Posted by: kristinej | July 14, 2013

July 14th, 2013

Happy Bastille Day, and thank you for the kind birthday wishes!  My 3rd birthday in Africa was a pleasant and relaxing day.  In the spirit of birthdays, I dug up a 1987 calendar so that I could see what day I was born on, which tells you what your traditional Ghanaian name should be.  I was born on Tuesday, meaning that my name is Abena.  I think it’s a beautiful name, but if I’m ever called anything other than Kristine it will be my Malian name Fatoumata.

These past couple of weeks have flown by thanks to a busy travel and sightseeing schedule.  After 48 hours of travel/sleeping in the airport, Blake made it here on a Saturday afternoon and rather than let him get acclimated, I had him on a tro-tro headed to a rural village by 7am the next morning.  We couldn’t let Delta Airlines ruin our weekend plans!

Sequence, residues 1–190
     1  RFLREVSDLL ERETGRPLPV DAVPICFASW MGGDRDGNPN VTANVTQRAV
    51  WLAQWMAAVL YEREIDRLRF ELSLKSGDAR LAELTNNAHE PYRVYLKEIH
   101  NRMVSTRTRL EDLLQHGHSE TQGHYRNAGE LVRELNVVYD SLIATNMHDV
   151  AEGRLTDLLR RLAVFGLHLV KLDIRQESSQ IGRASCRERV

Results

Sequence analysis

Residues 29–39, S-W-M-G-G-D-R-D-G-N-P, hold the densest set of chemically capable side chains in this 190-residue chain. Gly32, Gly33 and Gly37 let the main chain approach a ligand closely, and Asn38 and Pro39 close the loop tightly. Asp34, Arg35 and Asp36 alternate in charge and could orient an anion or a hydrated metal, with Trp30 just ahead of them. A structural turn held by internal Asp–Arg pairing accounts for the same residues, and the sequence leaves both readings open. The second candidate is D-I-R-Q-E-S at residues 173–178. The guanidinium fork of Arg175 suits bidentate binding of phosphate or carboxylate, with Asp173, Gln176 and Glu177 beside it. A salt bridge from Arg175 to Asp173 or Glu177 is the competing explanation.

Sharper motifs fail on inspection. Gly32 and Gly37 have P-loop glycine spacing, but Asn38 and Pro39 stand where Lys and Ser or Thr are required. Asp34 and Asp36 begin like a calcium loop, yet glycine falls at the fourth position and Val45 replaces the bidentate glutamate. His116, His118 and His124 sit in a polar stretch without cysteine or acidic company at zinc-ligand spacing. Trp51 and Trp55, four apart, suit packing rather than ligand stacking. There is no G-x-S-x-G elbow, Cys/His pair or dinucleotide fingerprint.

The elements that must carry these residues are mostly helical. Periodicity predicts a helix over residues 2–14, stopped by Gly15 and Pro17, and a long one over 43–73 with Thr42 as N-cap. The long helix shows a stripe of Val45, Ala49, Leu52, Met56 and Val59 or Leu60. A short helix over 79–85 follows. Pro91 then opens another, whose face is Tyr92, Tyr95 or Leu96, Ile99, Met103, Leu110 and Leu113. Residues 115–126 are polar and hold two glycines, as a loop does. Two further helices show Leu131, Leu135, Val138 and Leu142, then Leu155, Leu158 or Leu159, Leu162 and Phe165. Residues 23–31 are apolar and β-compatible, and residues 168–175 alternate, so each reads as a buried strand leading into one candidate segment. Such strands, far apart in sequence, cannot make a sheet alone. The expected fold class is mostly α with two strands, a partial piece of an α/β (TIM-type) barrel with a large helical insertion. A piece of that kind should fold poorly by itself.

Our first stop was Tafi Atome a small village known for the monkey sanctuary it runs as a form of ecotourism.  We had the bus driver “drop” us at the junction and I wasn’t entirely sure how we would get from the main road to the village about 5km away, but I figured things like that have a way of working out when you’re in Africa.  Sure enough, we were met by many eager young men offering to take us to the village on their motorcycles, and after a brief consultation we agreed. Blake was thrilled, since he used to race motorcycles, and I was thrilled since I haven’t ridden on the back of a motorcycle since Mali, and I figured a rural dirt road was a pretty safe place to do it.  We each hopped on the back of a bike and immediately my driver asked me if I spoke French which I thought was odd, but I guess he was from Togo and didn’t speak much English so he just took a shot in the dark.  He talked the whole way to the village and tried to convince me that he and his friend should take us to Togo!  I told him thank you, but we didn’t have our passports with us (nor did we have the required visa, and I sure wasn’t going to sneak across the border!).